Jaspers, Moriarty & Wetherille, P.A.
Seasoned Legal Judgment For The South Metro Area

July 2014 Archives

New Application for 501(c)(3) Status

It is getting easier to apply to become a 501(c)(3) charity. The IRS has released a new simplified form for charities having less than $250,000 in assets and having gross annual receipts of less than $50,000. This is a change from the standard 26 page which will still be utilized by larger charitable organizations.

Our attorneys can help you prepare the old or new forms, as well as set up the appropriate nonprofit corporation to handle the charity’s affairs. Call 952-445-2817 for more information.

Minimum Wage Increase

As a result of recent legislation, Minnesota’s minimum wage rates will rise according to the following chart:

  • Large employers (gross volume of sales made or business done of $500,000 or more per year) must pay at least $8 an hour
  • Small employers (gross volume of sales made or business done of less than $500,000 per year) must pay at least $6.50 an hour
  • Training wage rate is $6.50 an hour (90-day training rate paid to employees who are younger than 20 years of age)
  • Youth wage rate is at least $6.50 an hour (paid to employees younger than 18 years of age

These rates will rise each August 1 until the general minimum wage $9.50/hr. For many years Minnesota had a minimum wage of $6.15/hr. which was lower than the federal minimum wage of $7.25/hr. As of August 1, low wage workers can expect a raise of $0.75 if they were being paid the federal minimum wage. The law also changed the definition of “large employer” to be businesses with annual gross revenues of $500,000, which is lower than the prior threshold of $625,000. As a result, more businesses will be required to pay the higher wage rates. For more information see http://www.dli.mn.gov/LS/minwage.asp

These changes have  brought about a lot of discussion on the merits of minimum wage increases. They have also highlighted that Minnesota is one of eight states that prohibits so called “tip credits” where a tipped employee, like a waitress, can be paid the tipped employee minimum wage ($2.13) so long as their overall pay (wage + tips) is equal to or greater than the general minimum wage. Many states allow the employer to pay that $2.13/ hr. and apply the tip credit on the remaining $5.12 bringing the employee’s wage to at least $7.25, the federal minimum wage. A thorough examination of state laws on this subject can be found at http://www.dol.gov/whd/state/tipped.htm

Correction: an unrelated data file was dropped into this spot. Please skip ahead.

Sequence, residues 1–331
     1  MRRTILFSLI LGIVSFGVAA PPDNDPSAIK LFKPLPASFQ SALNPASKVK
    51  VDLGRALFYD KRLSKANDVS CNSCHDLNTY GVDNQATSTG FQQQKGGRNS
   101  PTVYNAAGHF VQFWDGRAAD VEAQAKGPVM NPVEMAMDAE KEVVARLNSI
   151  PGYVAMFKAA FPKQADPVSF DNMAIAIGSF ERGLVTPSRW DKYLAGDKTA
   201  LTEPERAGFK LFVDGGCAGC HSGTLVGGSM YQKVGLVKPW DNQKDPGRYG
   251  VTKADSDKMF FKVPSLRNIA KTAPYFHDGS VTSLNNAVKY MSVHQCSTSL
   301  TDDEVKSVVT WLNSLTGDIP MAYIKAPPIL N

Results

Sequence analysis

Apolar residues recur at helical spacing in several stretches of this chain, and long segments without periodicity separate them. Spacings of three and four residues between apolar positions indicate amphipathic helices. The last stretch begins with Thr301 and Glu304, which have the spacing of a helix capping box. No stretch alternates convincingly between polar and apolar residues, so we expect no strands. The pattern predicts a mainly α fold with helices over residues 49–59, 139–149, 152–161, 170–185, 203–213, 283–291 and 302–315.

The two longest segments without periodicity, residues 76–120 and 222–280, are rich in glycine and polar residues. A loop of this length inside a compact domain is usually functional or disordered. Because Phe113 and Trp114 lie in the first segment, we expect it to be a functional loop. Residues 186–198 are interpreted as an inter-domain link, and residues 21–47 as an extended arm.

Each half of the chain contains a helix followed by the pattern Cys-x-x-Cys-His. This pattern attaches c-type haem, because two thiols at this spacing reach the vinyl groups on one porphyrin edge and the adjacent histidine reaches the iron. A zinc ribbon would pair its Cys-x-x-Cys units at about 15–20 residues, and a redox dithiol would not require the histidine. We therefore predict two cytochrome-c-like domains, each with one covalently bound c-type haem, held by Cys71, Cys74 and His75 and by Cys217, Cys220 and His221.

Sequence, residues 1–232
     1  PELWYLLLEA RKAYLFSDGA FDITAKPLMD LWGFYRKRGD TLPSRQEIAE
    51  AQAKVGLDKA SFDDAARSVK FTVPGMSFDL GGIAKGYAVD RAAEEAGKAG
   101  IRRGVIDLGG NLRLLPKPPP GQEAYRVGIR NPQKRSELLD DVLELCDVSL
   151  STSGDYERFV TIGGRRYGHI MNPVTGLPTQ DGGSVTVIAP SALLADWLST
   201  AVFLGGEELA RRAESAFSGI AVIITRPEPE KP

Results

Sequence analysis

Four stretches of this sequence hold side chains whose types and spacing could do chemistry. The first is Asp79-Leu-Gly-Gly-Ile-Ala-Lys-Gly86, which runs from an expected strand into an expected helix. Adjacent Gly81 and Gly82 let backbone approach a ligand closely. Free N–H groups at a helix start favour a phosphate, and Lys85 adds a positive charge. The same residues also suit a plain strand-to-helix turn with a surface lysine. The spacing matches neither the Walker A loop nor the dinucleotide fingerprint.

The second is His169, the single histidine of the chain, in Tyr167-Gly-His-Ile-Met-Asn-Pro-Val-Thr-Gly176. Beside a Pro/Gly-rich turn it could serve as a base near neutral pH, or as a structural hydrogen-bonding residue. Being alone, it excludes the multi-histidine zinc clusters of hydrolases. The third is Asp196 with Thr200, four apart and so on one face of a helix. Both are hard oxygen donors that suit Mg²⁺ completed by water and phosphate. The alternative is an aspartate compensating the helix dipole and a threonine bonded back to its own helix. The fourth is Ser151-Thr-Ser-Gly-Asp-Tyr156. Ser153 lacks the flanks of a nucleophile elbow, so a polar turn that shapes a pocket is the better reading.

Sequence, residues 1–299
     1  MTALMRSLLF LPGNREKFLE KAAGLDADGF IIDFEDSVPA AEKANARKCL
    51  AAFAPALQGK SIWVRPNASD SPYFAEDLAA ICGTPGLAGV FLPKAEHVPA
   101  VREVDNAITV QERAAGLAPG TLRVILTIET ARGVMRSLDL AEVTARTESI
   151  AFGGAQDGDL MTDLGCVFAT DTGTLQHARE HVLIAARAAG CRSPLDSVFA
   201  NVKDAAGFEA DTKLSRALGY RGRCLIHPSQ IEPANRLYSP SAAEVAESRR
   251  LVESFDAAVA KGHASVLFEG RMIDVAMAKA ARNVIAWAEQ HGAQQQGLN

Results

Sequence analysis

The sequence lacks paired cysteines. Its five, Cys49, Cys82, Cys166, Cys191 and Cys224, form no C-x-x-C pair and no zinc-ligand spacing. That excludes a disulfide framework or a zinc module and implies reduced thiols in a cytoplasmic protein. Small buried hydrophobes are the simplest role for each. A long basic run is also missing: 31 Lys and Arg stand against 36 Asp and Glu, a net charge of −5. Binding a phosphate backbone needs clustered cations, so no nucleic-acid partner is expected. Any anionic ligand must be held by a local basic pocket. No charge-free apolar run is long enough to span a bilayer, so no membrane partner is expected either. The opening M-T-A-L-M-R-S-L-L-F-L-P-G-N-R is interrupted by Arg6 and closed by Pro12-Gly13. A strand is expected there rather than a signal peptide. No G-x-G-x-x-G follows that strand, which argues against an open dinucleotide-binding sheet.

Power of Attorney

As of January 1, 2014, there is a new Statutory Short Form Power of Attorney in Minnesota. The new form only affects documents signed after January 1, 2014, so if you have a power of attorney executed before that date, your document is still valid. However moving forward, all newly created Powers of Attorney must use the updated format. This change was made by the Minnesota Legislature in an effort to continue to provide consumer protection to the principal (the person who creates the Power of Attorney). As with the former Short Form Power of Attorney, the principal does not lose the right to control property or money matters; however, your attorney-in-fact can also act for you without your consent. For that reason, it is important to choose someone you trust to act on your behalf. The Legislature has added important notice provisions to the form in hopes that the notices will educate both the principal and the attorney(s)-in-act on the level of power conveyed with executing this document.

In particular, three changes were made to the new form: